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Vital Signs

 
Spring 2014

Transitioning from Pediatric to Adult Healthcare

The life expectancy of children with complex illnesses has increased dramatically over the past three decades.

As a result, many adolescents must learn to manage their own chronic diseases or disabilities when they become adults. The key to a smooth transition from childhood to adult care, experts say, is planning ahead. “Physicians sometimes hesitate telling their pediatric patients and families that it’s time to begin the transition to adult-based healthcare because they don’t want to worry them,” explains Debra Lotstein, MD, MPH, medical director of the UCLA Med-Peds Transition Care Program. “But planning these transitions early is crucial because adolescents with complex, chronic conditions need uninterrupted access to appropriate, high-quality healthcare, or they risk becoming very sick.”

Transitioning from Pediatric to Adult HealthcareApproximately 15 percent of children in the United States aged 17 and younger have complex medical conditions, ranging from asthma, diabetes and congenital heart disease to juvenile inflammatory arthritis, cystic fibrosis, neurological disabilities and organ transplantation. As many as 60 percent of these patients experience gaps in medical care, health-insurance coverage or both during their transition from adolescence to adulthood. To avoid these problems, patients should begin the transition to adult-based healthcare between the ages of 12 and 18, Dr. Lotstein says: “Early planning prevents problems and helps to decrease anxiety for the patients and their parents.”

At UCLA’s Med-Peds Transition Care Program, preparing for the transition involves evaluating patients’ current and future healthcare needs and connecting patients with appropriate providers to meet those needs; addressing insurance-related issues to prevent gaps in health coverage when children are no longer eligible for coverage under their parents’ health plans; educating patients about self-care related to their conditions; and helping patients plan realistic education and career goals.

In the Adolescent/Young Adult Transitional Care Program for Congenital Heart Disease at UCLA, “we try to help patients and their parents understand their condition using an age and developmentally tailored approach,” says pediatric cardiologist, Leigh Reardon, MD, program director. “Many years after heart surgery, some of our patients believe they’re living on borrowed time, while others feel like they’re invincible.” Although an increasing percentage of children with congenital heart defects are surviving into adulthood and leading active, productive lives, they may still face certain challenges related to lifestyle and career choices.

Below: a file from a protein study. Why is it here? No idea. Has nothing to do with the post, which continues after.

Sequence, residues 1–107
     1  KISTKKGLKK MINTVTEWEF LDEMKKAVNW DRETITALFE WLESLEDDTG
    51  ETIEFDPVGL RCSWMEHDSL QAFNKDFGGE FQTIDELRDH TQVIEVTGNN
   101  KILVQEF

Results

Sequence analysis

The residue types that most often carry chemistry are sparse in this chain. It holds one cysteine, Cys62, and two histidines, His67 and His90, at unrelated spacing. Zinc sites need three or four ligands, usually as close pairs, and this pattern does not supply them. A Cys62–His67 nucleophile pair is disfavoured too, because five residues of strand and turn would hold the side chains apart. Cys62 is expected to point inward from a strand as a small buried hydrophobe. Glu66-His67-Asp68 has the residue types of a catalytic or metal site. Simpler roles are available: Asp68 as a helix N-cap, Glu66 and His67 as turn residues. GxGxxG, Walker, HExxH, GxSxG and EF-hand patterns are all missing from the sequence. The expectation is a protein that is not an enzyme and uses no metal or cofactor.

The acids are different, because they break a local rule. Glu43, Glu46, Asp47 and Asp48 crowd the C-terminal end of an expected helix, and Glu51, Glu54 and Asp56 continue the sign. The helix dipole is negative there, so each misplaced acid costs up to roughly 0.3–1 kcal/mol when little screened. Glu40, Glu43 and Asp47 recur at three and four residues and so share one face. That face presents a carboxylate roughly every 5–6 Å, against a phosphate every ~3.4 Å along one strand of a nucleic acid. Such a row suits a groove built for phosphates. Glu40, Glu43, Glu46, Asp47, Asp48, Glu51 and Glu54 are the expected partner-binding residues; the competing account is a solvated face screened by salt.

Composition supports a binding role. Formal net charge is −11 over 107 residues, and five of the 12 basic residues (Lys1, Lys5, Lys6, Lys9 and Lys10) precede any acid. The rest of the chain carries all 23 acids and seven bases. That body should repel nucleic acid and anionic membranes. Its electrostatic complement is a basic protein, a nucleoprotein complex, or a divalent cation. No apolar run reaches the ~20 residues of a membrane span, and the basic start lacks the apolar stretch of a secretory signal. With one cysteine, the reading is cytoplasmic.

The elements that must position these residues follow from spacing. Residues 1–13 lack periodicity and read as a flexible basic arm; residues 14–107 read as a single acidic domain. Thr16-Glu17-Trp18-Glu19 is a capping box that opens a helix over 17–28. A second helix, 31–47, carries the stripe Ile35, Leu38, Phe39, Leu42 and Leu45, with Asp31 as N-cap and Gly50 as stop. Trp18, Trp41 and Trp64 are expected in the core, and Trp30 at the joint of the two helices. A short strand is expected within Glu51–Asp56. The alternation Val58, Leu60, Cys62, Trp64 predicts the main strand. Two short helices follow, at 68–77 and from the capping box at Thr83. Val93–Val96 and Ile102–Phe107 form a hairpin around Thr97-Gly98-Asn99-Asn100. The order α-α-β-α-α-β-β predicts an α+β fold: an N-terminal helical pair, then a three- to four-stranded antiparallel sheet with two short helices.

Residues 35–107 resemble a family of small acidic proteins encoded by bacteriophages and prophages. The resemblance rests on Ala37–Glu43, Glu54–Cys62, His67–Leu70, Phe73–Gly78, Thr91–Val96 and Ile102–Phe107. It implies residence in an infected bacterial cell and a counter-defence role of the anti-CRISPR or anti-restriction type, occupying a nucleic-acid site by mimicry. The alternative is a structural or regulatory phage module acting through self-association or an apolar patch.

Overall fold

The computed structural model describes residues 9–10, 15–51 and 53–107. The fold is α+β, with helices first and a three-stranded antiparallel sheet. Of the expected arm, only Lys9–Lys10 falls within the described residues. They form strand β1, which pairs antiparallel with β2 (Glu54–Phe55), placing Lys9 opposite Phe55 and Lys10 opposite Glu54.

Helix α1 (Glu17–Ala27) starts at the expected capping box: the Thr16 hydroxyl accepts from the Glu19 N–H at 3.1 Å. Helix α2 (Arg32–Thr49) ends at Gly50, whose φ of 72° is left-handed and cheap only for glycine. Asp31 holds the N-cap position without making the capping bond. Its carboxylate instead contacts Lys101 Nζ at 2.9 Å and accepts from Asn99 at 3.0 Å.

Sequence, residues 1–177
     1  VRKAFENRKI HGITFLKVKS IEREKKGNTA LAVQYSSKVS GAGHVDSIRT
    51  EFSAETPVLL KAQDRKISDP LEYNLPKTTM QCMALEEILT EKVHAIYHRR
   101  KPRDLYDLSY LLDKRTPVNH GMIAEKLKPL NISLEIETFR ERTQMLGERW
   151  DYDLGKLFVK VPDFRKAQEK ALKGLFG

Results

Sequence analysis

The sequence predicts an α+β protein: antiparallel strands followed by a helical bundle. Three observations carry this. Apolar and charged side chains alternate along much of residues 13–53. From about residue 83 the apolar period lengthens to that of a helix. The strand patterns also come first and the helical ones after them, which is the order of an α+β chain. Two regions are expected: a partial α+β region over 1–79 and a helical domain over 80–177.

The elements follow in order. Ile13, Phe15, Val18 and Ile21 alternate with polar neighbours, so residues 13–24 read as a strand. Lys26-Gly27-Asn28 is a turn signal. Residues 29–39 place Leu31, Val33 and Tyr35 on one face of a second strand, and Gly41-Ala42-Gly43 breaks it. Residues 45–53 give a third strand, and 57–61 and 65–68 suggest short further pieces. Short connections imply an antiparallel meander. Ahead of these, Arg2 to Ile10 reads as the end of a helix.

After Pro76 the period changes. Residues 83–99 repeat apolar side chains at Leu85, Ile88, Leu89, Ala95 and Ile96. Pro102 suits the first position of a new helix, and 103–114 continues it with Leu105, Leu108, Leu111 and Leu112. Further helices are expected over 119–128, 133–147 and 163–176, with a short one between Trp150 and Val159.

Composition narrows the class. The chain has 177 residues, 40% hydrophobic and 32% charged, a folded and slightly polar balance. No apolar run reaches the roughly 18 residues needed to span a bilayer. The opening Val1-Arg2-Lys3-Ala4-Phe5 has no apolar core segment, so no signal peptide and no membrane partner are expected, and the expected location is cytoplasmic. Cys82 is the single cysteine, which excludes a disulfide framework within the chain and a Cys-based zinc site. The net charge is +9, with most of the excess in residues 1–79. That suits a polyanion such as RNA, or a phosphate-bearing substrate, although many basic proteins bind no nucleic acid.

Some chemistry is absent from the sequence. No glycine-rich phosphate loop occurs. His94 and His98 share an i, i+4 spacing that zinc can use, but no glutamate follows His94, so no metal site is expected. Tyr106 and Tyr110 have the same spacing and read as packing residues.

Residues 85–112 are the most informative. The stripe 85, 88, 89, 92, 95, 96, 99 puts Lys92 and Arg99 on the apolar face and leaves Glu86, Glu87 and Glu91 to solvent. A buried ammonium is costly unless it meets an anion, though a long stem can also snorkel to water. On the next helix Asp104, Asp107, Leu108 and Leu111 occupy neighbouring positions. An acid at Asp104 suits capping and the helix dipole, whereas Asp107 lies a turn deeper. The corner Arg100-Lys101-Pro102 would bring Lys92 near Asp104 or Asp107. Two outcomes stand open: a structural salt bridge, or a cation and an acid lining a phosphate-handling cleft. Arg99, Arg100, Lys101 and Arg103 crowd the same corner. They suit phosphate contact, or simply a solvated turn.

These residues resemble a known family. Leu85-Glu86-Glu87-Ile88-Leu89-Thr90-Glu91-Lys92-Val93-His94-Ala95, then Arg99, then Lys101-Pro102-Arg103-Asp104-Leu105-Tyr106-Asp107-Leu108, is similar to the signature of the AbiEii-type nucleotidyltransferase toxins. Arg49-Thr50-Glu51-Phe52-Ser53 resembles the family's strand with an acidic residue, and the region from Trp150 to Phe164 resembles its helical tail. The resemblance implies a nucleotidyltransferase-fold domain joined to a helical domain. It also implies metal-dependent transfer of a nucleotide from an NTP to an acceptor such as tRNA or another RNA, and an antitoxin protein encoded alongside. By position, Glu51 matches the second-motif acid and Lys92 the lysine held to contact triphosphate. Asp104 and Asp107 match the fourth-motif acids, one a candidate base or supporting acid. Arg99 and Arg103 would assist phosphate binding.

Transitioning from Pediatric to Adult Healthcare“Some patients don’t understand why they should anticipate future challenges such as the potential detrimental effects of pregnancy or certain types of exercise,” he says. “Discussing their personal goals and recommendations early on helps to prevent them from being disappointed or from unintentionally hurting themselves later.” Another important goal in the transition process, Dr. Reardon says, is helping young patients develop medical independence.

“There’s an interesting dynamic that occurs when an adolescent takes ownership of their healthcare from their parents. They often feel empowered and begin participating in their care in ways that make them feel that they are not defined by their medical condition,” Dr. Reardon says. “Simple steps like scheduling appointments or refilling prescriptions can help make the transition to the adult setting much more successful. Ultimately, we promote independence so that our patients can learn how to make positive choices for their lives and participate in their own care and decision-making as they become adults.”





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